Most people have a long “when I retire” wish list. It was a short list for Dianne and Brad Murray: spending time with family and volunteering.
When people think of Interfaith, they don’t often realize we have senior volunteers who provide Interfaith services such as transportation, help with grocery shopping, or even a few household chores for our older adult clients.
“Older Americans Month shows us that the word ‘senior’ doesn’t mean you’re too old to support yourself anymore,” said Felice Green, Public Relations and Marketing Director for Interfaith. “Being retired is simply the start of a new chapter. Dianne and Brad are outstanding examples of seniors who age out loud.”
Always active volunteers, Brad, 76, and Dianne, 71, have continued their commitment to helping others into retirement. Brad became a tutor for Milwaukee Public Schools and served with the Guest House, a Milwaukee homeless shelter. Together they are regulars with the St. Robert’s Parish food program, preparing and serving meals for an inner-city church. As they investigated other volunteer opportunities, the Murrays noticed that one segment of the population seemed to be forgotten: our community’s seniors.
“That’s a shame, because there is so much need,” Brad said. “Many seniors are alone. They are widows or widowers. They no longer drive, and have no family available to take them to medical appointments or grocery shopping.”
Then the Murrays discovered Interfaith and its focus on helping older adults. They’ve been enthusiastic boosters and drivers for about three years.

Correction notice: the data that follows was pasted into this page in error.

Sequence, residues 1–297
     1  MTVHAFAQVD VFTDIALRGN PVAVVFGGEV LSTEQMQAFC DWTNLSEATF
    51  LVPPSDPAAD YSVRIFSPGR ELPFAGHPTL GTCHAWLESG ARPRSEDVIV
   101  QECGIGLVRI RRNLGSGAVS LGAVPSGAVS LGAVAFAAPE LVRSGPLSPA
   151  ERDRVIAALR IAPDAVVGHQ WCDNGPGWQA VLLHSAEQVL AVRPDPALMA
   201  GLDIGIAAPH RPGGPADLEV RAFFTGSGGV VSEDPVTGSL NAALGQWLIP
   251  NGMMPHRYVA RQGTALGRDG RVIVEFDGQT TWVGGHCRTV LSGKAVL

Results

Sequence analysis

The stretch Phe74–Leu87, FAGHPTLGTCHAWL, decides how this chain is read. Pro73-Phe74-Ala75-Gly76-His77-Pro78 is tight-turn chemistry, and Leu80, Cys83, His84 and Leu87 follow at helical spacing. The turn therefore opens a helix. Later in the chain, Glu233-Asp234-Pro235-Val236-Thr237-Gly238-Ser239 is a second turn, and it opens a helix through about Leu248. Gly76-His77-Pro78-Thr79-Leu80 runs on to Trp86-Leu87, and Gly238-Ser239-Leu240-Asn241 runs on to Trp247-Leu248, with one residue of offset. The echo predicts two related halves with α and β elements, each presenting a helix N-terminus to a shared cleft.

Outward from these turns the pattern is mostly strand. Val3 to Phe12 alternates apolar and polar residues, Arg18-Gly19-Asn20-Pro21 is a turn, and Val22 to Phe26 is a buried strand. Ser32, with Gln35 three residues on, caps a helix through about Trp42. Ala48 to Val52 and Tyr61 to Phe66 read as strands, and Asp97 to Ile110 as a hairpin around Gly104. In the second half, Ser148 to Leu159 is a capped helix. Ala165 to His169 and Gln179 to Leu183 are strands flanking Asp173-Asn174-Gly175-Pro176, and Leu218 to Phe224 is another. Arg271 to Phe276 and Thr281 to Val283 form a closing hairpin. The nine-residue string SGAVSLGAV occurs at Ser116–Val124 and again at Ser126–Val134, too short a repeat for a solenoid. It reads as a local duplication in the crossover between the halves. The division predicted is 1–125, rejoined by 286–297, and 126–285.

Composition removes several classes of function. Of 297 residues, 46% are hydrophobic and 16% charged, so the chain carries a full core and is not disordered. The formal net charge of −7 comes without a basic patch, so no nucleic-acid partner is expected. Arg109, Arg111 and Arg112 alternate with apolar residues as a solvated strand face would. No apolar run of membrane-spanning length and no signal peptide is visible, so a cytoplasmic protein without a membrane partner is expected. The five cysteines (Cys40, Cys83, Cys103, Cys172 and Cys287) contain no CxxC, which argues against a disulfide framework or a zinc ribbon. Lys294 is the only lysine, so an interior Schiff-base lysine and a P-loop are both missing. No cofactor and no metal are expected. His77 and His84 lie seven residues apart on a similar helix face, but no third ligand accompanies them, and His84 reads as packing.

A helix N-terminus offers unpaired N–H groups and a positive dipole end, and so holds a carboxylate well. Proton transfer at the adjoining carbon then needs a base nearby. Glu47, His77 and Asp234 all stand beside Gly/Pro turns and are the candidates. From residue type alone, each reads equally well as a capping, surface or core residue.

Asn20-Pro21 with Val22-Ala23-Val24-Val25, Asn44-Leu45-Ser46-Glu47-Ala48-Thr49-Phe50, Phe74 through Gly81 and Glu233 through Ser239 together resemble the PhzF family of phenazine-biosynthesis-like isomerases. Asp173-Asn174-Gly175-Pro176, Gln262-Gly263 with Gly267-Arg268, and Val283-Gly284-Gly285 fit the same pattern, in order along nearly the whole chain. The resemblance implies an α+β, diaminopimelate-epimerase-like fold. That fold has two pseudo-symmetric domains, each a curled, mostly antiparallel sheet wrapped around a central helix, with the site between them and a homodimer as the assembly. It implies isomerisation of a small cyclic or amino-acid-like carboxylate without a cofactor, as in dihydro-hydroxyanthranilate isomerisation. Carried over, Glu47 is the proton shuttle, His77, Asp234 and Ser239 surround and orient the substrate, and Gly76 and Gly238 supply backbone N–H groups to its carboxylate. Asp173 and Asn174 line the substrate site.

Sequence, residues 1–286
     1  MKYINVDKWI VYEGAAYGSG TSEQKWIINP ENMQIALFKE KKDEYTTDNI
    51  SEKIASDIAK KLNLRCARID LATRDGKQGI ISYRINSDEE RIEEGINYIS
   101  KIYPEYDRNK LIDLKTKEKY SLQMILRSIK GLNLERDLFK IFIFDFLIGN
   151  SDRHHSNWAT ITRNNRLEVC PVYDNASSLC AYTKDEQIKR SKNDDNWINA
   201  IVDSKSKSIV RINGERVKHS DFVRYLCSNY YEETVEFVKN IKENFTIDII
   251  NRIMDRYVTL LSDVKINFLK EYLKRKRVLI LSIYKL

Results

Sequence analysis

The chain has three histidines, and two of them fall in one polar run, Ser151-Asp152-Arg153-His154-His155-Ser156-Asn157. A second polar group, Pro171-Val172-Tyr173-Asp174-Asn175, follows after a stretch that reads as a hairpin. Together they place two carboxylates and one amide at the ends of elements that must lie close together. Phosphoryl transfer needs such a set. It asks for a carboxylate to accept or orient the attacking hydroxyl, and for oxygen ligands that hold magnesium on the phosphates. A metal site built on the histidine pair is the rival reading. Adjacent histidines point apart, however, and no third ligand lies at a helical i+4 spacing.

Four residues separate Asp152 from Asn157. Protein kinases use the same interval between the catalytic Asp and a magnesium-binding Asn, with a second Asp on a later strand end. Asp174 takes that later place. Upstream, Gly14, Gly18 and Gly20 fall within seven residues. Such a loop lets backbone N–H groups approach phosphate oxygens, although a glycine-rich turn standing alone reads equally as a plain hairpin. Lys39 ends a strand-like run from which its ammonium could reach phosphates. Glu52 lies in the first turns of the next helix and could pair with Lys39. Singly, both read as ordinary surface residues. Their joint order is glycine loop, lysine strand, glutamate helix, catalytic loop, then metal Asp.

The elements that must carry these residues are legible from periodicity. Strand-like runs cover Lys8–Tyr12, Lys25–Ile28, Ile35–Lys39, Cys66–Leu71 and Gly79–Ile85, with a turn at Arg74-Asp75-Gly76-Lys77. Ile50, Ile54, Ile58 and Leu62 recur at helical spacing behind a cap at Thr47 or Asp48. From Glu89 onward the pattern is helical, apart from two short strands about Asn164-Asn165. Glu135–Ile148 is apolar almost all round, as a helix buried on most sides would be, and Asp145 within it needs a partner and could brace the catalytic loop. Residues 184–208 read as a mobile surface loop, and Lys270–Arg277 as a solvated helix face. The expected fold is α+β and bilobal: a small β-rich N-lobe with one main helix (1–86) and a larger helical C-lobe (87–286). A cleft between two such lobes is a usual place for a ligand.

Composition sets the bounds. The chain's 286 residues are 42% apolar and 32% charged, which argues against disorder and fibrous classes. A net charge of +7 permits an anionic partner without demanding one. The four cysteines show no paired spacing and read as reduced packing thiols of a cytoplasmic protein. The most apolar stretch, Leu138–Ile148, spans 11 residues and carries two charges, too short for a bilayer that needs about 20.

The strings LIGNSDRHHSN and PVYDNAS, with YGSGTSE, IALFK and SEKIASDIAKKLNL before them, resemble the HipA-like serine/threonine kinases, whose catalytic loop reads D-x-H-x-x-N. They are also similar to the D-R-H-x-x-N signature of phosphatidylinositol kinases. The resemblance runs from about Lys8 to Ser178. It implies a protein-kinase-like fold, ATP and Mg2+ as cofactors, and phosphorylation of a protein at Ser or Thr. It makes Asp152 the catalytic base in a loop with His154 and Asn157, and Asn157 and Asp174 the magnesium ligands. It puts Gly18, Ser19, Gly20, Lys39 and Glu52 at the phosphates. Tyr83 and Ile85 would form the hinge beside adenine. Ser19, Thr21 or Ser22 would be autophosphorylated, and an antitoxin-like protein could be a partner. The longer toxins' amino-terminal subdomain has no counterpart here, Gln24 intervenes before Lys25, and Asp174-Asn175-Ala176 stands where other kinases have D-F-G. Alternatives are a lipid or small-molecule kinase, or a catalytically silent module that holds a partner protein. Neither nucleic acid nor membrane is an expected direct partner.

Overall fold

“For us, it means more than just driving,” Dianne explains. “We’ve gotten to be friends with many of our regular riders. It’s like having an extended family. We hear stories about their past lives, jobs, children, grandchildren, service to our country. It’s an amazing experience.”
Dianne believes that these medical and grocery store trips also bring older adults out of isolation and into the real world. And just as important, doctors’ visits, proper medication and nutritious food are all essential to mental and physical wellbeing.
“Stories like Dianne and Brad’s are an inspiration to all of us at Interfaith. They show us that retirement can mean you’re more active in your community than ever before,” Green said.
The Murrays like the flexibility Interfaith offers. Volunteers can specify the times they are available, whether it’s every other day, once a month, or even the time of day. Interfaith staff do the work of matching a volunteer with an older adult in need.
Dianne and Brad always allow a little extra time on their drives. Maybe there’s a need to pick up a prescription. Or after grocery shopping, they carry in and put away heavier items. Sometimes they read the small print on medication bottles, loosen a hard-to-open jar or change a light bulb.
“Our clients really appreciate everything we do and can’t thank us enough,” Brad said. “Sometimes we even get hugs. And I’m thinking we’ll all probably need these services someday.”